El Mano dell Disierto: Created by a Chilean Artist, this hand reaches high up into the blue sky of the Atacama, the driest, most extreme desert on our planet – a region where indigenous people, having embraced Christianity centuries ago, still worship “La Pacha Mama”, Mother Earth. It is here, where our cinematic voyage will begin – a voyage around the globe, from which we not only want to carry home magnificent three-dimensional images, but also attempt to demonstrate the aliveness and depth of the human faith, no matter of what origin. Because all that separates us also links us together.
Where Gods Once Dwelled – IN PRODUCTION
A HFR 3D cinema event of a very special kind – VISIT THE WEBSITE
“It is impossible to understand the human race without knowing its myths, because they are based on truths- albeit differently expressed but nonetheless profound truths.”
All over the globe, we can find testimony and clues of culture-bringing deities, to whom wisdom, justice, but also inventions and discoveries have been attributed.
What happened to their Legacy?
But the Atacama is also a region where paganism meets high-tech. Like at Cerro Paranal, where the most powerful telescopes on Earth are revolutionizing our perception of the Universe.
The sight of the Milky Way, almost always visible during clear desert nights must have equally impressed the forefathers of these natives as it does modern-day man. But now, answers as to where we come from and where we might be heading are within reach.
At Tical, deep in the jungles of Guatemala, we will explore the cultural sites and heritage of the Mayans.
… Petra in Jordan, fabled “rose-red city half as old as time”, originally founded by a Semitic tribe and entirely carved out of the rocks, has been steeped in legend ever since…
… the monolithic rock churches of Lalibela in Ethiopia, considered the “Eighth Wonder of the World”, where in the 12th Century a “New Jerusalem” has emerged.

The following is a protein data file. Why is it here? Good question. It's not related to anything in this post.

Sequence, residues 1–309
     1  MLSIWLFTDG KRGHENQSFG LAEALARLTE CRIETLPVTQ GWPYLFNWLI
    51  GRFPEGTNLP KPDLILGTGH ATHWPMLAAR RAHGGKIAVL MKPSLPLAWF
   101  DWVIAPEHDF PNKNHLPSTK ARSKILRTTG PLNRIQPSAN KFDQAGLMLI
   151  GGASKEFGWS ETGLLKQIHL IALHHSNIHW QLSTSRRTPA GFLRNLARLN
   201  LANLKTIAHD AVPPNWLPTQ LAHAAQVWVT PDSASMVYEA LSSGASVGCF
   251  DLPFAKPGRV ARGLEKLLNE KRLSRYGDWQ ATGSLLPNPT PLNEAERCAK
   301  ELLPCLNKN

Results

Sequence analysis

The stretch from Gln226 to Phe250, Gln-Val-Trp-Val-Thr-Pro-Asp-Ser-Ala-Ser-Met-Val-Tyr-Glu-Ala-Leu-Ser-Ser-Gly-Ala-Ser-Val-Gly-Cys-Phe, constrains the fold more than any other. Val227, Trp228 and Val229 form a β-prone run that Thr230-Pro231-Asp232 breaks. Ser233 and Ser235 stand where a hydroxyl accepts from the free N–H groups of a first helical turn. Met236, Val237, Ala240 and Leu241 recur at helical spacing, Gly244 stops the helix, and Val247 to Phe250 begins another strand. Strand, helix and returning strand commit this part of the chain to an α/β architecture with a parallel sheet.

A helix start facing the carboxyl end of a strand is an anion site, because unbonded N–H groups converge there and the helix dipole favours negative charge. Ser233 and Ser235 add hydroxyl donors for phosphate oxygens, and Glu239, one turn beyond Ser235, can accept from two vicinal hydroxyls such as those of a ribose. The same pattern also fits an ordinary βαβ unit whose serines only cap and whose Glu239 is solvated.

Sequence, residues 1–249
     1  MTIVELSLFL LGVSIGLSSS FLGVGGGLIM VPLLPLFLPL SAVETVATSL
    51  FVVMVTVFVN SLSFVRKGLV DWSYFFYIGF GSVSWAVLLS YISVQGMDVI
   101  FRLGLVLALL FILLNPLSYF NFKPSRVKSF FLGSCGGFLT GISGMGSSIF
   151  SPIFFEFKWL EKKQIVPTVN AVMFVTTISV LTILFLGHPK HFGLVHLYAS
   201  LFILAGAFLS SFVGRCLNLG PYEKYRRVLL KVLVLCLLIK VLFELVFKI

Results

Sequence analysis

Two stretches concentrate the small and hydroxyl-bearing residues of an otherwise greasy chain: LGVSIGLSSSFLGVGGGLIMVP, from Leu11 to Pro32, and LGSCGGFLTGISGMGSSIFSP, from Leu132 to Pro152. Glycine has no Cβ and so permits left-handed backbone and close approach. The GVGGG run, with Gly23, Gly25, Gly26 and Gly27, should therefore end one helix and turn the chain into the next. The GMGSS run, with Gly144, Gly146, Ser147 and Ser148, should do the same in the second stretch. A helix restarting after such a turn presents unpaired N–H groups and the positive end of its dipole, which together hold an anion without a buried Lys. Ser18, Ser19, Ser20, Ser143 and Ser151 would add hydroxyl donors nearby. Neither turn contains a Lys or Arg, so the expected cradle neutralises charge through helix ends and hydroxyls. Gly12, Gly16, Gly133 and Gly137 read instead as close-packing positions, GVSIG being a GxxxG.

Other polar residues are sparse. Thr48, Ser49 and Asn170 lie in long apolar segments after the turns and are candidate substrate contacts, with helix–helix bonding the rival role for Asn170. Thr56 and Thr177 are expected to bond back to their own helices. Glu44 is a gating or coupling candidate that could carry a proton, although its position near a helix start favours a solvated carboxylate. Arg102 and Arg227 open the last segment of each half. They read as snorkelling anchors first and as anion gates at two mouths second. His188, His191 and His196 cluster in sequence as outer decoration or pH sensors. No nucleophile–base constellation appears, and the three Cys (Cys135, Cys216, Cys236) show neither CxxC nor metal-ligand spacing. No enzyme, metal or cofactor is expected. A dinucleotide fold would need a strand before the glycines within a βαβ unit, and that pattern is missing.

… in the labyrinth of the ancient Souks of Fez in Morocco, leather is still being tanned in an archaic fashion. Small Mosks and Koranic Schools call the faithful to prayer.
… to the sprawling temple complexes and ancient cities of Nepal‘s Kathmandu Valley: Swayambhunath, Bodnath, Patan, Bhaktapur, Pashupathinath.
… pulsating Istanbul in Turkey, once founded as Byzantium. Its palaces and mosks still dominate one of the largest cities in the world, bridge between Christianity and Islam, Europe and Asia.
…finally, in Jerusalem, crossroad of the three great world religions, our voyage will come to an end.
Captivating, high-resolution HFR 3D images, some of them shot with cameras mounted on remote-controlled special mini-helicopters, will convey impressions that could never have been achieved with conventional cinematographic techniques. This will open up new perspectives that even the human eye has seldom or never registered.
Tranquil, flowing, often meditative images, subdued narration and the rousing score by a major composer promise an unforgettable motion picture experience.
©: 2012 by CineMonde & Jochen Breitenstein
All rights reserved
CubanoPankow - IN PREPARATION
The former GDR was fascinated from the beginning by the developments in Cuba, this “socialist lighthouse of the Caribbean”. No wonder, then, that the comrades maintained close contacts with Havana. In the context of the “ideological unity” in the 1980s up to the fall of the Wall, at least 30,000 Cubans, often with their families, came to the GDR as contract workers ...
A Love Story
Right from the beginning, the leadership of former Communist East Germany watched the developments in Cuba, “That Socialistic Beacon in the Caribbean” with total fascination. No wonder, then, that the comrades maintained close ties with Havana. In conjunction with the “Ideological Solidarity” back in the 1980’s and, continuing all the way until the fall of the Berlin Wall, at least 30,000 Cubans, at times with their families, came to East Germany as foreign contract workers.